The front depicts King George V and the reverse shows the dates of the First World War and St. George on horseback trampling underfoot the eagle shield of the central powers (German and Austro-Hungarian Empires), with a skull and cross-bones. The ribbon has a central band of orange edged with white, black and blue lines. The recipient's service number, rank, name and unit were inscribed on the rim of the medal. This is the only medal that could be awarded on its own. Sadly a lot of these medals were sold for scrap value.
|Military Medal (M.M.)
The Military Medal was awarded to other ranks of the British Army and Commonwealth Forces. It was an award for gallantry and devotion to duty when under fire in battle on land.
The reverse of the medal is inscribed "For Bravery in the Field". The recipient’s details are inscribed around the edge. The ribbon is dark blue, with five equal centre stripes in order white, red, white, red, and white. The recipient is entitled to use the letters M.M. after their name.
|Military Cross (M.C.)
Instituted by Royal Warrant on 28th December 1914.
Made of silver, the Military Cross was a decoration for gallantry during active operations in the presence of the enemy. Issued to British Army, Indian Army or Colonial Forces commissioned officers with the rank of Captain or below or Warrant Officers. From June 1917, officers of the rank of Captain but who had a temporary rank of Major could receive the award.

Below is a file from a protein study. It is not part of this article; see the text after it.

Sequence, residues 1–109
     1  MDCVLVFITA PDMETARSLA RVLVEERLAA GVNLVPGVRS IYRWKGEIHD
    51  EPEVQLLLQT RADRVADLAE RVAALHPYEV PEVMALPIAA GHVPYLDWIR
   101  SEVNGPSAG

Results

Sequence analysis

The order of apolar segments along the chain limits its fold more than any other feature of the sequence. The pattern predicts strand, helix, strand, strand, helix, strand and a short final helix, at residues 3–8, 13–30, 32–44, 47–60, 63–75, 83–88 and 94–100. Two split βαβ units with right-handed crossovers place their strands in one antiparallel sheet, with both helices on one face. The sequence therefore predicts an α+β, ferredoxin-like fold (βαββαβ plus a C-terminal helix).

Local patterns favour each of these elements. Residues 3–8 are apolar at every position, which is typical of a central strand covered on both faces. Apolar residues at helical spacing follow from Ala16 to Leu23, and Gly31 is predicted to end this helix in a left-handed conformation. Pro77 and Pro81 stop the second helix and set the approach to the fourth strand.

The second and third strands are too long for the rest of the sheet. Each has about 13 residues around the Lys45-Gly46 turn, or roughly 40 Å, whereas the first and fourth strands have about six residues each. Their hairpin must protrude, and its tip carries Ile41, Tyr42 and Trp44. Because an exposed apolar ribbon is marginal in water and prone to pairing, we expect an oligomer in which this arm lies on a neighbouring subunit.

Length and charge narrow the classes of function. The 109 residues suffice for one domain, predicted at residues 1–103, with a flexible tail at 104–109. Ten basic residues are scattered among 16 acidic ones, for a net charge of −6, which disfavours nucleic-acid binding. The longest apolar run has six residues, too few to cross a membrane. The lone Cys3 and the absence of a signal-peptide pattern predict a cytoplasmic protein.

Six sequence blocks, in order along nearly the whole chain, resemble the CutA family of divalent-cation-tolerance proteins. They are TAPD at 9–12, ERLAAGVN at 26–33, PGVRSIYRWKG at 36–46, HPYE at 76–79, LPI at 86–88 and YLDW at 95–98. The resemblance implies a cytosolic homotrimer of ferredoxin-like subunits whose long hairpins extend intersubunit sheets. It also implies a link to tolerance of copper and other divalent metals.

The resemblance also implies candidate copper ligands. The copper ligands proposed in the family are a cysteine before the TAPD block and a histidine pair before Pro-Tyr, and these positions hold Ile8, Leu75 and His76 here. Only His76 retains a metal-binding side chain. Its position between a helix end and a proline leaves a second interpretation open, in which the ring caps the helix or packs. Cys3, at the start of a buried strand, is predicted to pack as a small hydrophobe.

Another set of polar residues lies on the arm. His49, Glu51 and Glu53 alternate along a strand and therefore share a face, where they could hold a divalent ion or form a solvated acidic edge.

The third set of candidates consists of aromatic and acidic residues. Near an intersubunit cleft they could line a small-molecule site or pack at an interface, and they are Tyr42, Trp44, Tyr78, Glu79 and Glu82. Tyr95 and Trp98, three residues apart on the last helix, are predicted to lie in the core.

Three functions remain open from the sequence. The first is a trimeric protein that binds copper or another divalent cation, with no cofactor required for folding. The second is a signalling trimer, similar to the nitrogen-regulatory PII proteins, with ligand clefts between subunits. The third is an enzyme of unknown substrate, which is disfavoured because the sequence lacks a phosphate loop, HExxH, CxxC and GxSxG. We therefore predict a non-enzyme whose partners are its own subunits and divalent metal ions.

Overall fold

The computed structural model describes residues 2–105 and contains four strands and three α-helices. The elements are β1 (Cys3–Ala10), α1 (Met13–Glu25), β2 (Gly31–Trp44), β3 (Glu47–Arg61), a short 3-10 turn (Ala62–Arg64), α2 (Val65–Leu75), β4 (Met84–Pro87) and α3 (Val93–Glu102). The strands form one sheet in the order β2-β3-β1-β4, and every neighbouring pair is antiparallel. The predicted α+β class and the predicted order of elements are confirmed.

The reverse of the medal was issued plain with no engraving. Some families and individuals engraved their details at their own expense. The ribbon width is 32mm and consists of three equal vertical moiré stripes of white, purple, and white.
Recipients of the medal are entitled to use the letters M.C. after their name.
|The Distinguished Conduct Medal (DCM)
Awarded for extremely high levels of bravery, the DCM was instituted during the Crimean War in 1854, it was awarded to other ranks who had shown the equivalent level of bravery that led to commissioned officers qualifying for the Distinguished Service Order. However, the DCM ranked well below the DSO in precedence.
Any further acts of bravery would be recognised with the addition of bars, but this was changed to laurel wreaths in 1916. Recipients are entitled to the post-nominal letters DCM.
A silver medal 36 mm in diameter. The obverse of this medal is an effigy of the reigning monarch. The reverse on all issues bears the inscription "FOR DISTINGUISHED CONDUCT IN THE FIELD". The suspender is of an ornate scroll type. The ribbon is 32 mm wide, with three equal parts crimson, dark blue, and crimson.
|The Silver War Badge
This sterling silver lapel badge intended to be worn on the right breast on civilian clothes only, was issued to UK WW1 service personnel who had been honourably discharged due to wounds or sickness. It was also referred to as a Discharge Badge, Wound Badge or Services Rendered Badge. It was first issued in September 1916, accompanied by an official certificate of entitlement.
This was put in place to avoid the ex-serviceman being subjected to the practice of some women to present white feathers to apparently ablebodied young men who were not wearing the King's uniform.
Each badge held a unique number on the reverse.